(I'm thankful that Opus isn't a Microsoft product where you tend to get fixed-size dialogs with lists containing 100 items which are only 3 items high and, since the items are also wider than the list and trigger a horizontal scrollbar, you can only actually see two at a time, lol... Jesus, I can feel my blood boiling just thinking about it.)

I know that this is a complicated issue. You are more experienced than most of the users. Ia m more experienced than some of my friends. At times it happens that I get questions from them and it goes like this:

Me: "Oh you use those ugly Office 2003 menus?"
Friend: "Oh, yes, they are ugly but I can't change that."
Me: "You can. It's something about Windows integration. Let me show you."
[opening Prefs, nothing labeled 'General display and layout' to be found]
Me: "Hm, it's not 'Layout', which would me my first call. Let's look in 'Misc'.
Neither? Gosh, this is some crappy stuff. Where is it?"
Friend: "Yeah, I never find most of the settings. I know there's more power in it but I just can't unleash it."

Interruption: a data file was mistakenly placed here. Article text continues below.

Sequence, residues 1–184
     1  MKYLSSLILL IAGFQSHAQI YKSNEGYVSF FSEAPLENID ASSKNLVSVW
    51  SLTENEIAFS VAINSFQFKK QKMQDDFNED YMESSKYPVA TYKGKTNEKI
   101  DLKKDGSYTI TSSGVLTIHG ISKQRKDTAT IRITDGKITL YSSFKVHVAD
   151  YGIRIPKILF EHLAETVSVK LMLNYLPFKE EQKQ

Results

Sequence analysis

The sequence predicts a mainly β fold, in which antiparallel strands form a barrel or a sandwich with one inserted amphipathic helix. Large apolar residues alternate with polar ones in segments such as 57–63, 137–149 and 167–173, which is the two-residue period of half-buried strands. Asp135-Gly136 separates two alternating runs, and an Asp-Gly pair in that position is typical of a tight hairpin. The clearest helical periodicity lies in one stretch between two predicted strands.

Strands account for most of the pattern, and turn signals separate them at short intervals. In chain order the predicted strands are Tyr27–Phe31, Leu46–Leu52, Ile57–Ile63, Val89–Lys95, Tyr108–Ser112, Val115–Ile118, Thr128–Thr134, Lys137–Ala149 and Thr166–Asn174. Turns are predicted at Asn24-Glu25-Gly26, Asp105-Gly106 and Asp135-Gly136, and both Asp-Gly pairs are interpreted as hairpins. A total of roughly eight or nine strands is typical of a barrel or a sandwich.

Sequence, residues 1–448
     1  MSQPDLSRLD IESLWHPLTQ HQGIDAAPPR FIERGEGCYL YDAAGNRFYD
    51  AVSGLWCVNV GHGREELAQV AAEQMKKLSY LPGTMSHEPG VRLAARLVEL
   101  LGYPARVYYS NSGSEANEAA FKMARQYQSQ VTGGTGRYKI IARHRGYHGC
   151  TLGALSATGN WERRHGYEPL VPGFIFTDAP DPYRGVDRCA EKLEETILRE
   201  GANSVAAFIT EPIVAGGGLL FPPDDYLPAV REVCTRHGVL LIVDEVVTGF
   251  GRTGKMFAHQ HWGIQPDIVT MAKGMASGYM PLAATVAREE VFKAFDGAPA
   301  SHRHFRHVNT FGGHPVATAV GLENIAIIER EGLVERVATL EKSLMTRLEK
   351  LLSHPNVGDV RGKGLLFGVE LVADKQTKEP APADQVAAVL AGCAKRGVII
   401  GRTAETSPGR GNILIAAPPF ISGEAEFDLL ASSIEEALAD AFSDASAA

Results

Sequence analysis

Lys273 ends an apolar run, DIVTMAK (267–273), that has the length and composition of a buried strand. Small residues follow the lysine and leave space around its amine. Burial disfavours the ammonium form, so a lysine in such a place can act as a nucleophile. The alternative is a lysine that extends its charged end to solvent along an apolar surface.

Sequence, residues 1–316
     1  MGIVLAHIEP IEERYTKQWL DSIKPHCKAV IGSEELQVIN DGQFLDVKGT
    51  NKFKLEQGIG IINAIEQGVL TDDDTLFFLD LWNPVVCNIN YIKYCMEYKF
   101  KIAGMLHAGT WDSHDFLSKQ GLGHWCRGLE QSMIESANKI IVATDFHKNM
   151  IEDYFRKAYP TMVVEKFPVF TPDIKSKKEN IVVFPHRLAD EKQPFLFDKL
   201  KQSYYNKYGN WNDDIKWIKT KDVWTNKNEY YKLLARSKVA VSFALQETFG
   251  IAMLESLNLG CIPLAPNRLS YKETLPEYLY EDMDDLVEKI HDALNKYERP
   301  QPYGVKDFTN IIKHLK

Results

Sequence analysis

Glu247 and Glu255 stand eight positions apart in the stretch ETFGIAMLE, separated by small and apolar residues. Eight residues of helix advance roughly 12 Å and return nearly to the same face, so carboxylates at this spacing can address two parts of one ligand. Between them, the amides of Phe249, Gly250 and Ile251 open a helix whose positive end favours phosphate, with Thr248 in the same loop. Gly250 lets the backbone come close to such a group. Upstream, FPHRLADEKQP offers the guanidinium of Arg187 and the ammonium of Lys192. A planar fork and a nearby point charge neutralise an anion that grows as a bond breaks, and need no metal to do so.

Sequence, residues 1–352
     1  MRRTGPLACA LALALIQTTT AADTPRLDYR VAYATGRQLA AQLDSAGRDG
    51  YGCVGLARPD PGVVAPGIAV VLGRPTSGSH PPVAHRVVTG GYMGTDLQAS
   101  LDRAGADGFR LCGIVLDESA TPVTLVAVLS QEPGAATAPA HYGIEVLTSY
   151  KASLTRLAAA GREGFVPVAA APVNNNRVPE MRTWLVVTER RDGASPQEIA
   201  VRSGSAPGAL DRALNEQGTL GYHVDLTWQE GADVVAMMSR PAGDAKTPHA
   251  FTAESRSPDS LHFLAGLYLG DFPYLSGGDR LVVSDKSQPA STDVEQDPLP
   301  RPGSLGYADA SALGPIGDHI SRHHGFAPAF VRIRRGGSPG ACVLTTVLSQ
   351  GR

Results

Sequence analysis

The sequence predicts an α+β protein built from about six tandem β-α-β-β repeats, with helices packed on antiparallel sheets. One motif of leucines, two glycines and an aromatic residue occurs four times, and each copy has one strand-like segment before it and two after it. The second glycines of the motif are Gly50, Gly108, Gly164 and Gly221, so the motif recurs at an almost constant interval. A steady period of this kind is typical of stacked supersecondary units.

[minutes later, checking everything from top down]
Me: "Oh, it's by the 'toolbar' definitions! Yeah, Opus has this clever but unintuitive approach that menus are in fact just toolbars. It's logical. Really. Afterwards!"

Perhaps it would make sense to put more stuff behind "Enhanced options" buttons. Or, even better, in VLC (VideoLanClient) one can activate a 'Show Enhanced' checkmark for every page. Or, like in Eclipse, where I can filter a tree of option pages by entering a term into a search text field above the tree. And with a larger window (resizable?) there would be the opportunity to present options at ALL places where they make sense.